February 1, 1970
I finished reading Dag Hammarskjold, a Spiritual Portrait by Sven Stolpe. The book increased my interest in and admiration of the man who I can identify with in part. Not in his apparently vast intellectual capacities and reserves or his creative writing talent, but in aspects of his life. In his youth, apparently, he found it difficult to talk with his peers-they couldn’t understand him. He therefore only answered what was specifically asked of him, and only asked for information he knew others could give him. He spent much time reading and questioning himself. He followed a lonely path others didn’t even recognize as Christian. And then, when called into public service, he knew the time had come and he gave himself to the task.
I feel similarly in my search for meaning in life. It’s hard to communicate with anyone about it. And yet I have begun to find meaning in life, I believe, at times, and have followed a lonely path, tried to follow the path of Jesus.
“When all my hopes in them and in all men were gone, so that I had nothing outwardly to help me, nor could I tell what to do, then, o then, I heard a voice which said: there is one, even Christ Jesus, that can speak to thy condition.” George Fox
February 18 Wednesday
Five of us, with Kent van Zant, went to the silent vigil in Iowa City today. It was around 30 degrees and rather windy, but much worth the trouble and inconvenience.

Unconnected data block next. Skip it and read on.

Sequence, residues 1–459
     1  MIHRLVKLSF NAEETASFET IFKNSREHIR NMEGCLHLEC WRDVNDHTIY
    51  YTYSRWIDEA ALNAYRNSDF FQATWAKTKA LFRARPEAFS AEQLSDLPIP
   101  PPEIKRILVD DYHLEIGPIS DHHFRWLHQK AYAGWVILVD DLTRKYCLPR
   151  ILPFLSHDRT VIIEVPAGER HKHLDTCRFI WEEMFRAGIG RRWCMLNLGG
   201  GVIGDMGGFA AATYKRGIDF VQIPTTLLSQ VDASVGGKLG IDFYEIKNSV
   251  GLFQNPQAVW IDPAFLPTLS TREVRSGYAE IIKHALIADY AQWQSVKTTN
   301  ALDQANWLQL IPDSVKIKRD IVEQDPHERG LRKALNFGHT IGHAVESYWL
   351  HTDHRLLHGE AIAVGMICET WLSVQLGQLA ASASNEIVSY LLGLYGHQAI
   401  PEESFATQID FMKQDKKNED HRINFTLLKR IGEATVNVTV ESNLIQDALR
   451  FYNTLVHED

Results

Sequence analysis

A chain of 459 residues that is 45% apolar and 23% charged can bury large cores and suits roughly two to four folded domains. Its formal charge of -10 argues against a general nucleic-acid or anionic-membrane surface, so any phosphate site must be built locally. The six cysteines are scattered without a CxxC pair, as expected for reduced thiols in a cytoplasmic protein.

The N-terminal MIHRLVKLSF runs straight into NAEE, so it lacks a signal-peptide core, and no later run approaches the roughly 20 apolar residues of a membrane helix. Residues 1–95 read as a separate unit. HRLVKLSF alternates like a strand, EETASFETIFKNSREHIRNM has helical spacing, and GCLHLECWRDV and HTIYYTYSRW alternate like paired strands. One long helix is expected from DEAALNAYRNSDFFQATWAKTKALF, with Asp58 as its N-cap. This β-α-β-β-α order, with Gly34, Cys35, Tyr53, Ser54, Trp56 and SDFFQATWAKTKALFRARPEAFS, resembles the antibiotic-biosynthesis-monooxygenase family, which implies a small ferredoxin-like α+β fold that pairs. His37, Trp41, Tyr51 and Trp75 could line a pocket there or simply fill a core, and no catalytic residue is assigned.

Those of us in the social concerns group have been fasting today. The Laymen Concerned about Vietnam and Fellowship of Reconciliation are sponsoring vigils (Wednesdays) during the Easter season.
February 21, 1970
I got my letter of acceptance from Earlham College today. At first I was very happy–acceptance at a college is acknowledgement of certain achievements. One is also relieved, secure in the knowledge that, if one desires, he can attend classes and have room and board at a place and in an environment agreeable to him.
And now I have gradually been drawn back to my question as to the validity of this type of education.
I was talking to Dave Barrett this evening. He graduated last year, has turned in his draft card, and for the past year has just been traveling around. That’s what I’ve been considering doing this summer.
I felt very close to my friends today as they congratulated me for being accepted. I will always be grateful to Scattergood for providing me the opportunity to develop such deep personal relationships with such fine kids.
February 28, 1970
Last night attended a dinner and discussion “toward a community to resist the draft” at the meetinghouse/AFSC office in Iowa City. It was very nice to get together with people much like yourself who think much like you do.